Dog Clicker Training
(Training the Dog is Important)
Clicker training is a simple concept—you use a sound to “mark” a desired behavior, so that you can reward it and increase the probability of it occurring again. Marking a behavior the instant it occurs allows you to deliver specific, useful information to the dog in a timely fashion. The clicker offers you the best possible timing; it actually makes it easier for the dog to learn.
You could also use a short word (“yes,” “wow,” “right,” “bink”) in place of the clicker, but our dogs hear us talk all day. The sound of the clicker is unique, something not in the dog’s usual auditory environment, and the clicker doesn’t carry any of the vocal shadings of our verbal communication (saying “yes” in a happy, upbeat voice versus saying “yes” through teeth clenched in frustration).
The clicker also lets you “build” a behavior by clicking and rewarding the rough be- ginning steps and working bit by bit toward the final, finished picture. With a clicker, you can accomplish things that would be difficult if not impossible to achieve any other way.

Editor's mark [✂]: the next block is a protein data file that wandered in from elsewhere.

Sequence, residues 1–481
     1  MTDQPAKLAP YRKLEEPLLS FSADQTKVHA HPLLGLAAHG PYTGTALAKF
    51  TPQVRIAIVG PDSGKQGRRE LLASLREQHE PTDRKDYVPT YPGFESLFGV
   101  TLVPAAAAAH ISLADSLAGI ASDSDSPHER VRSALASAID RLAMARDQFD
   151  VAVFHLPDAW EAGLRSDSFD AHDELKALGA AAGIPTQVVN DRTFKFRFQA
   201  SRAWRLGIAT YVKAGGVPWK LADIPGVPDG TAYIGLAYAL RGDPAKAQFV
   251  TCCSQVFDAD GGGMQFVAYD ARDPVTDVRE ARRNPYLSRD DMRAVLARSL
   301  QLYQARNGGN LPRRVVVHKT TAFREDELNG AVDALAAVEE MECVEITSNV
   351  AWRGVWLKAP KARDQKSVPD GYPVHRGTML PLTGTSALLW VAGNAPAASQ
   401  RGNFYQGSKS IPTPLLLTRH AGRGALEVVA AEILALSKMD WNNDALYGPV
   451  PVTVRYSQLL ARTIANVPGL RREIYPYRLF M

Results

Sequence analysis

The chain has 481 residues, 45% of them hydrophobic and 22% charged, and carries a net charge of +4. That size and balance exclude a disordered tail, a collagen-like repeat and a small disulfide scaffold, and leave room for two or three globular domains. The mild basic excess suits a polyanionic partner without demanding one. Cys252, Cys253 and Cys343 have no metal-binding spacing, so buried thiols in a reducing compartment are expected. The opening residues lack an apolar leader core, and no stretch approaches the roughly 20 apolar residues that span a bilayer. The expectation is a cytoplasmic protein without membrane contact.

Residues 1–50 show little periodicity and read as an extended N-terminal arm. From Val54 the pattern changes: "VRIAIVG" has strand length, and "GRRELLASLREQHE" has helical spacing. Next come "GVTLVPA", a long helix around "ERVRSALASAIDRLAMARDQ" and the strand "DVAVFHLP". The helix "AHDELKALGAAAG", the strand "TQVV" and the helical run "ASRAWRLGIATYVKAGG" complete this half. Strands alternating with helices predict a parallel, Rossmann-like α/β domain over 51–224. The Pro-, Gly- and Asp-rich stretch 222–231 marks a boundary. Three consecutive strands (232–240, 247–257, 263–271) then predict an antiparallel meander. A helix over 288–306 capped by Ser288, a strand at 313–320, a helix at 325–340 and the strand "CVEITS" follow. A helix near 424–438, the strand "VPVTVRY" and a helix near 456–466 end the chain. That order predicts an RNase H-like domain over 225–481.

Because clicker training doesn’t use force, it works particularly well with fearful or insecure dogs. It can be managed by children and seniors, even with large-breed dogs. (For dogs that are fearful of the clicker, you can train using a bridge word as an alter- nate marker. See Chapter 5 for more information.) It’s useful for breaking through problems in teaching, and for increasing attention. You can work with a dog of any age or size—eight-week-old puppy to eight-year-old adult, Italian Greyhound to Irish Wolfhound. Even deaf dogs can be clicker trained, using a light in place of a click as your marker.
But best of all, with clicker training the dog is an active partner. Instead of having training done to him or her, the dog participates actively and eagerly, and actually learns how to learn.